2050 Metropolitan Transportation Plan

The Capital Area and the Durham Chapel-Hill Carrboro MPOs are coordinating to develop the 2050 Metropolitan Transportation Plan (MTP) for the Triangle region. The MTP is the long-range plan for transportation improvements across the region. It will include roadway, transit, rail, bicycle, pedestrian and other transportation projects for the next 30 years

Where are we in the process?

In September, the CAMPO Executive Board gave guidance on what to include in a Preferred Scenario so that staff could begin a fiscal analysis and develop a first draft of the 2050 MTP. Leading up to that, CAMPO staff completed the development and modeling associated with the Deficiencies and Needs of our anticipated transportation network, as well as three (3) transportation system alternative future scenarios for the 2050 MTP. With the MPO’s Goals and Objectives as a guide, the deficiency analysis served as a baseline to create the three alternative scenarios to meet anticipated future travel demand.

Preferred Scenario

Preferred Scenario - Interactive Map

Preferred Scenario - Bike/Ped Corridors Map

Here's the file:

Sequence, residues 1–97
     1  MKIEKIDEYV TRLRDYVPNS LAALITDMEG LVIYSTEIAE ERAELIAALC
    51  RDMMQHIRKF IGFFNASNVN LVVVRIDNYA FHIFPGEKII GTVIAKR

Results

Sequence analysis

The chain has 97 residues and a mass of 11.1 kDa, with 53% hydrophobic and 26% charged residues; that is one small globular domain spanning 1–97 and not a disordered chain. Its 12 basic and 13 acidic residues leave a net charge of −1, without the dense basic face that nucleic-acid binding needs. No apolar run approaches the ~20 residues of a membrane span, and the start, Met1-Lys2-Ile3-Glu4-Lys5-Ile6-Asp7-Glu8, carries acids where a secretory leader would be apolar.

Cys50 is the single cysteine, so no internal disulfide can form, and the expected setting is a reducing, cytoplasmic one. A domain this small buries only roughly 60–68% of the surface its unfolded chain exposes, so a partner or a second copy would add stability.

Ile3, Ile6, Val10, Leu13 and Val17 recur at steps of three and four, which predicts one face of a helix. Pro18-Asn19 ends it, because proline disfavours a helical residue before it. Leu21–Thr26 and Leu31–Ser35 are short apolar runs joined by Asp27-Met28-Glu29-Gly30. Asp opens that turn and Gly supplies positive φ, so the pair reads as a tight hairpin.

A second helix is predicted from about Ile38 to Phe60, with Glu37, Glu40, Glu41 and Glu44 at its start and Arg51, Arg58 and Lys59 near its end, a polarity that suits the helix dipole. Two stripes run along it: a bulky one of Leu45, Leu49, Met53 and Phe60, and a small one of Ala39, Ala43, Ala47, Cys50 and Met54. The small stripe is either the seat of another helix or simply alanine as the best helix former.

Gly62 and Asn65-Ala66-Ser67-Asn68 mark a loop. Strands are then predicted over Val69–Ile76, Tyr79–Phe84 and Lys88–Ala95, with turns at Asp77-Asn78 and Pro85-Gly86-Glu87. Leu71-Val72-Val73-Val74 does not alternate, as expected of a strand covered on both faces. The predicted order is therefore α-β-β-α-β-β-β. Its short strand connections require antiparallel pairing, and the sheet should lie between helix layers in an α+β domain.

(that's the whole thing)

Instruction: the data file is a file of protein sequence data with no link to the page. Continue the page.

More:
Preferred Scenario - Transit Corridors Map

Preferred Scenario - Roadway Projects Map

Preferred Scenario - Roadway Projects List

This scenario (based on the All Together scenario) increases the intensity and mix of land uses at major employment hubs and travel corridors, and works to link minority, low-income, and zero-car households to jobs. It increases biking and walking facilities and provides transit services in major commuting corridors and major activity centers. It assumes several future transportation funding changes on the state and local level, which means both housing affordability and transportation funding actions by a range of partners would be necessary. It also assumes that a larger proportion of residential and employment development occurs in the corridors served by bus, Bus Rapid Transit (BRT), Commuter Rail (CRT), and bicycle and pedestrian facilities.  This scenario includes the highest density with mixed use land development, which increases transit usage to reduce Vehicle Miles Traveled. It also has the highest funding level among the alternative scenarios that were compared. See the interactive map to view the latest draft with layers for the roadway, transit, and bicycle/pedestrian investments.